# Frequency, wavelength, amplitude and wave speed

You need to know about these quantities used in waves - what they mean, the symbols used for them and the units used to measure them.

Sine wave showing peaks, troughs and wavelength

The amplitude ($$a$$) of a wave is the distance from the centre line (or the still position) to the top of a or to the bottom of a . Be careful with this quantity - the centre line is not always given in a diagram. Amplitude is measured in metres ($$m$$). The greater the amplitude of a wave then the more energy it is carrying.

The wavelength, $$\lambda$$, of a wave is the distance from any point on one wave to the same point on the next wave along. (The symbol is a Greek letter, 'lambda'.) To avoid confusion, it is best to measure wavelength from the top of a crest to the top of the next crest, or from the bottom of a trough to the bottom of the next trough. is also measured in metres ($$m$$) - it is a length after all.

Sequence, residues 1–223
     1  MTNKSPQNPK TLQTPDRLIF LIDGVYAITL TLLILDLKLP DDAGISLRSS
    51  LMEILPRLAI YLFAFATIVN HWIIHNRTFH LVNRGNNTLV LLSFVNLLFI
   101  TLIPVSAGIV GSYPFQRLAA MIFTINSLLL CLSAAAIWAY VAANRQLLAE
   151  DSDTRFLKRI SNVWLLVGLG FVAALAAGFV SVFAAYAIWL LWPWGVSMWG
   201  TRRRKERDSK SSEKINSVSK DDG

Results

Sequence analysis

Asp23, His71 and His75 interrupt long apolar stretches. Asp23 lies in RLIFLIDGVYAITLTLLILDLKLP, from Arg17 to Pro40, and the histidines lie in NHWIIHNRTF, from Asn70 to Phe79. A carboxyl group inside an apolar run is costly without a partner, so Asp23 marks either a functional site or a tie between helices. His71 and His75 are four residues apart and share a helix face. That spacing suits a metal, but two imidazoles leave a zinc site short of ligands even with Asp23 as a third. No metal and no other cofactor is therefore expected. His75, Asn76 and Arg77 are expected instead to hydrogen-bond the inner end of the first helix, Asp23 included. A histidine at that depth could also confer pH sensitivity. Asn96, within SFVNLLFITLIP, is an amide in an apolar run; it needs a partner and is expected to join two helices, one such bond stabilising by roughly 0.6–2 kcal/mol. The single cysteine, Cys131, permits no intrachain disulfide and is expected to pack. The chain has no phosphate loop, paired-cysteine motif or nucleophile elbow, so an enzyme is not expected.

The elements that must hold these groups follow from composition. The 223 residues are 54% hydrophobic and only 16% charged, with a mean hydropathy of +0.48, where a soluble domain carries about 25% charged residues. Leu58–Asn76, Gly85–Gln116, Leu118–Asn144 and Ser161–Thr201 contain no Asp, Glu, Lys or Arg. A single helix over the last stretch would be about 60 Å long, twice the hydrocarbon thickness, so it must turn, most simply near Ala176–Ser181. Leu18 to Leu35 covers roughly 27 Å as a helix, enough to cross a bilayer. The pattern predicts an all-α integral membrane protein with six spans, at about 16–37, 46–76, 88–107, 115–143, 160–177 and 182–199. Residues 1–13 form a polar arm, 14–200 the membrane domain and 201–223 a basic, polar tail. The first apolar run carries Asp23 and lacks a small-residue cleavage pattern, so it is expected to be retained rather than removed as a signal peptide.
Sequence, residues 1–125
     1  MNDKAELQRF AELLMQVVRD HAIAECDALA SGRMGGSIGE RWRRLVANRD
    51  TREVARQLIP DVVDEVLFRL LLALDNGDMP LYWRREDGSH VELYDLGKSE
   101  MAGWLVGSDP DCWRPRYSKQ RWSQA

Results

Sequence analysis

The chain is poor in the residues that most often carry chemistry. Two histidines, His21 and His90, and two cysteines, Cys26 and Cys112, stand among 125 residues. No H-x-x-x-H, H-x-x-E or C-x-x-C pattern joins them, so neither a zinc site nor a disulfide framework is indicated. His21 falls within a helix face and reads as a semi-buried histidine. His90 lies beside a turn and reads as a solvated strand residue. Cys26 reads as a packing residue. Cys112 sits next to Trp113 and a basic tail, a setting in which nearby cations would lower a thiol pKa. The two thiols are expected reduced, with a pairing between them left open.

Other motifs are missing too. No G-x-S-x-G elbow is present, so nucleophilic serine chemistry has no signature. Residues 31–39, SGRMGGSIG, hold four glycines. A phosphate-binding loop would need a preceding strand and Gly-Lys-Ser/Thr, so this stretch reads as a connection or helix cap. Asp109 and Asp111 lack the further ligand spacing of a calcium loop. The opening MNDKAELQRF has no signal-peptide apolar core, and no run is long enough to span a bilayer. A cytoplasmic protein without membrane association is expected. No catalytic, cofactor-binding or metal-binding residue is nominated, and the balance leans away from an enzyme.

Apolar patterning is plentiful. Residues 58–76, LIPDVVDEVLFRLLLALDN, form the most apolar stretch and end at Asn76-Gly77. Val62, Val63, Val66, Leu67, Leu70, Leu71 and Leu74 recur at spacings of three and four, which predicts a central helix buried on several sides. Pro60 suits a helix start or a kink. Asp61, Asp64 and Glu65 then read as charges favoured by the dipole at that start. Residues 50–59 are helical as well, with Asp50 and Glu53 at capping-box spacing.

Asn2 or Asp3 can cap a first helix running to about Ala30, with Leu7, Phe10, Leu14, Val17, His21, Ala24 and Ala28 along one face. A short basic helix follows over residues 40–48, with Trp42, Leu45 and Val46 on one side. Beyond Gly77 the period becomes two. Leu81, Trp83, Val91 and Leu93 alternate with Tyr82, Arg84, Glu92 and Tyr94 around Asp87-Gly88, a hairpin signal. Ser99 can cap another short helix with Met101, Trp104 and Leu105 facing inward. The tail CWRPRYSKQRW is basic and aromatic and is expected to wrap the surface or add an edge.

The ($$f$$) of a wave is the number of waves passing a point in a certain time. We normally use a time of one second, so this gives frequency the unit ($$Hz$$), since one hertz is equal to one wave per second.

Don't get confused with this quantity frequency. It is not a distance travelled by waves, nor is it a speed, although it is linked to both of these quantities. For water waves and sound waves the unit hertz is usually good enough but radio and TV waves have such a high frequency that the kilohertz ($$kHz$$) or even the megahertz ($$MHz$$) are better units.

$1kHz = 1,000Hz$

$1MHz = 1,000,000Hz$

The speed (or sometimes you might see it called velocity) of a wave ($$v$$) is how far the wave travels in a certain time.

Wave speed is measured in metres per second ($$m\,s^{-1}$$).

All the electromagnetic waves travel at 300,000,000 metres per second ($$3\times 10^{8}\,m\,s^{-1}$$). Sound travels at about 340 metres per second.

Sound waves